Britpop legend releases performance-based debut with new project
Having nearly single-handedly defined mid-‘90s Britpop as the frontman of Pulp, there isn’t much Jarvis Cocker hasn’t done. Following a couple solo albums, both met with mixed reviews, Cocker returns to the spotlight with his newest project, JARV IS…, and their debut album, Beyond the Pale.
Originally, Cocker and the band’s five other multi-instrumentalists, Serafina Steer, Emma Smith, Andrew McKinney, Jason Buckle and Adam Betts, joined forces for one festival date at the end of 2017. One performance quickly multiplied and the band took on the mission of “writing songs in collaboration with an audience,” according to Rough Trade Records.
Although the streamlined production on Beyond the Pale would never suggest it, a majority of the songs were recorded during live performances and they were later tuned up in the studio. At the end of debut single “Must I Evolve?,” there’s the faint sound of an audience’s applause. The band doesn’t refer to this as a live album, however. They coin the term, considering it an “alive” album. This unique recording technique where the songs live in the liminal space between live recordings and studio recordings is perhaps what makes Beyond the Pale Cocker’s best work since Pulp.
Opener, “Save the Whale,” features Cocker coming in strong with what could easily be a tribute to Leonard Cohen. Between heavenly backing vocals, plenty of synth and driving beats, this track is an excellent introduction to both the project as a whole and this particular album. It also nicely outlines the thesis of Beyond the Pale: “Embrace the darkness and all it entails/ Move beyond the pale.”
It’s followed by psych rock, David Bowie-esque single “Must I Evolve?,” which expands the band’s sonic texture immensely. Throughout the song, Cocker poses rhetorical questions to which the backing vocals answer in a fun, experimental call and response. Out of all the songs on the album, this is the standout and understandably was a no-brainer for lead single.
“Am I Missing Something” showcases quintessential Cocker lyricism with lines like “I don’t want to dance with the devil/ But do you mind if I tap my foot,” interwoven with whistles and laughs. It’s relaxed and carefree in a way that only live performances can truly embody. In terms of live performances, however, when shows finally return, “House Music All Night Long” will be the one song people won’t want to miss. A relatable anthem with electronic elements and incredible backing vocals, this track practically begs to be played live, even if only for the way Cocker impossibly rhymes “claustrophobia” with “disrobing ya.”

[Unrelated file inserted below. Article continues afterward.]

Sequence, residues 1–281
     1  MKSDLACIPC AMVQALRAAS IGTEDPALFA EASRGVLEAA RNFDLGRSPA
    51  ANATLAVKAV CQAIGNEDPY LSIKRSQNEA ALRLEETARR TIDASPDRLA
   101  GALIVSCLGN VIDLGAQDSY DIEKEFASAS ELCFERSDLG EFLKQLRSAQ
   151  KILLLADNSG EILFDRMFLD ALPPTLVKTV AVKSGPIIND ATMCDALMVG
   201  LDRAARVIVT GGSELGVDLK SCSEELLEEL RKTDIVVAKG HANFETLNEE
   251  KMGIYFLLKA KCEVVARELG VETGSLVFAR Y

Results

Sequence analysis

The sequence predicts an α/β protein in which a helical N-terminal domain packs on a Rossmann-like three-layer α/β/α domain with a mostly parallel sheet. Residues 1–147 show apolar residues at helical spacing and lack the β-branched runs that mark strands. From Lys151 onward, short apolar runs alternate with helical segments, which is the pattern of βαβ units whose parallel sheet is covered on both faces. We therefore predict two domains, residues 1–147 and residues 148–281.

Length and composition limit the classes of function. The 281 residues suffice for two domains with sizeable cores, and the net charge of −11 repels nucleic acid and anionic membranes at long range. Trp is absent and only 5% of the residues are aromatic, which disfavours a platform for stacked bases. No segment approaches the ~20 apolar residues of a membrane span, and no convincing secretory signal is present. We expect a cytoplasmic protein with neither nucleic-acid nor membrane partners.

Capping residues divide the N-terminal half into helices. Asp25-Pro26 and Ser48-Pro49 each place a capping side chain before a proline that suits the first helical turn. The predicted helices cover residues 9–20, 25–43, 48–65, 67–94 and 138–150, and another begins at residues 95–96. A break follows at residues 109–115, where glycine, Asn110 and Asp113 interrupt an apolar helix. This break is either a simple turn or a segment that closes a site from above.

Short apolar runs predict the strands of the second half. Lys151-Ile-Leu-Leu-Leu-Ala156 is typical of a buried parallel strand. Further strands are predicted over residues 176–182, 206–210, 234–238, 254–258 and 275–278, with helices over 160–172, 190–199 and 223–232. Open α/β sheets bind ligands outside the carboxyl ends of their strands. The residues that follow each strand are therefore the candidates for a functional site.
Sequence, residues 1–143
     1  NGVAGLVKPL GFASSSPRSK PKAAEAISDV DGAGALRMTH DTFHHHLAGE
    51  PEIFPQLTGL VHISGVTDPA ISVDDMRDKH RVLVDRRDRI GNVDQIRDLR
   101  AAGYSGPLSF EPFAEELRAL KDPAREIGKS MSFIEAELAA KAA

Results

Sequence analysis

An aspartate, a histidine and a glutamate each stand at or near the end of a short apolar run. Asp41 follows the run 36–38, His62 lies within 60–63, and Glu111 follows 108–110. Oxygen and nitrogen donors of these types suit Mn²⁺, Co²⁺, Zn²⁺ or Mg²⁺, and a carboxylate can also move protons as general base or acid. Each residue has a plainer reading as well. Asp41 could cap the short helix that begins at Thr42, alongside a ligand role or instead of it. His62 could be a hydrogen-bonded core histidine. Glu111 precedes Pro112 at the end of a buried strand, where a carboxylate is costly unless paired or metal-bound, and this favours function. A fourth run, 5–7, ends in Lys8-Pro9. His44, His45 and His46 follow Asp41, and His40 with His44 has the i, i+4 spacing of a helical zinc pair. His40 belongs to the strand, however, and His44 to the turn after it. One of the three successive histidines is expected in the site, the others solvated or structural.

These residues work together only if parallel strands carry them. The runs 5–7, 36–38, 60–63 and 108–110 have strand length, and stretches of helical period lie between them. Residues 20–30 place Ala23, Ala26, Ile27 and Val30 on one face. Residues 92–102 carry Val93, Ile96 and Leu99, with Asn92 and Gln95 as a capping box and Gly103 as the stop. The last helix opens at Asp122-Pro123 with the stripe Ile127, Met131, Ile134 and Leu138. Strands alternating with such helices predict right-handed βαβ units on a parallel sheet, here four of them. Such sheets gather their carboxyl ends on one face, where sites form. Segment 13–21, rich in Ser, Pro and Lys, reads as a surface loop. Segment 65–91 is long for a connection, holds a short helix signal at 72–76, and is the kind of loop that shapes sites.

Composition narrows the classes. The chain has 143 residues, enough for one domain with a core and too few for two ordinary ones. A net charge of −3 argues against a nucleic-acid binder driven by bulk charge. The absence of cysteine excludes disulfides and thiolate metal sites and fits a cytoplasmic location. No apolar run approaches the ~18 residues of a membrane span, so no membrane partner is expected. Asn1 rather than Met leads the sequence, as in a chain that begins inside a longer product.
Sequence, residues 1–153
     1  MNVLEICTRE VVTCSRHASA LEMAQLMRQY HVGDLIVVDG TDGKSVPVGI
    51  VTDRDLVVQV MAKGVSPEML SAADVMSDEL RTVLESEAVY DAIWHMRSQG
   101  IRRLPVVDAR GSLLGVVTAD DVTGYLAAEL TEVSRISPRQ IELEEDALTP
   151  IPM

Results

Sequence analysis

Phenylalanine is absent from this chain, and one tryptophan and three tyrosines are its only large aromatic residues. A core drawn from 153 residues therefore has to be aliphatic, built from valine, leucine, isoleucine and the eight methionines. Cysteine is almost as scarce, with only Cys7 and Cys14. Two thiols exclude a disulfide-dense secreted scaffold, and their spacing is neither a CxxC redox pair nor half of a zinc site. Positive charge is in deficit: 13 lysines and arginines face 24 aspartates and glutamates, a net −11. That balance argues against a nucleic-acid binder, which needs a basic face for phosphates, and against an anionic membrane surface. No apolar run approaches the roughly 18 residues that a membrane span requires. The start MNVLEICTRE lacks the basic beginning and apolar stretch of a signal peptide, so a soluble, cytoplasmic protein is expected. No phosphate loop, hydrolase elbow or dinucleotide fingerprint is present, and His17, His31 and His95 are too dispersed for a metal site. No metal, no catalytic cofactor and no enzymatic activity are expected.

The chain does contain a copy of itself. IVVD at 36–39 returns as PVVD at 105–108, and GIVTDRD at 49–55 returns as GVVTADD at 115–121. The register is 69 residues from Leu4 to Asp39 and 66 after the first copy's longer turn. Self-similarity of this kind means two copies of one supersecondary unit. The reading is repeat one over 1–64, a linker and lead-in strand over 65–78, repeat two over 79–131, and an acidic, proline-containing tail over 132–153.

The back half of the album is where things bog down a bit. With only seven tracks, yet still clocking in with a 40-minute runtime, some of the songs drag on just slightly too long. “Sometimes I Am Pharaoh,” which is structured like an EDM song with dance beats and drops, along with “Swanky Modes,” a more melodic tribute to an old Camden shop, are both perfect examples of this. They’re decent songs with solid structure and hooks, but they’d benefit from a little fat trimming here and there.
Closer, “Children Of The Echo,” does brilliant work of bringing everything full circle. Jazzy with a funky bass line, the last minute or so of this song is where the sound finally opens up and swallows listeners whole. By the end, it’s difficult not to be left wanting more.
JARV IS… is not another solo vehicle for Cocker. Perhaps that’s why it functions so well. Rounded out with an immensely talented group of instrumentalists, this entirely new and refreshing project adds to Cocker’s canon, rather than detracting from it. Beyond the Pale is undoubtedly a step in the right direction for Pulp’s legendary former frontman.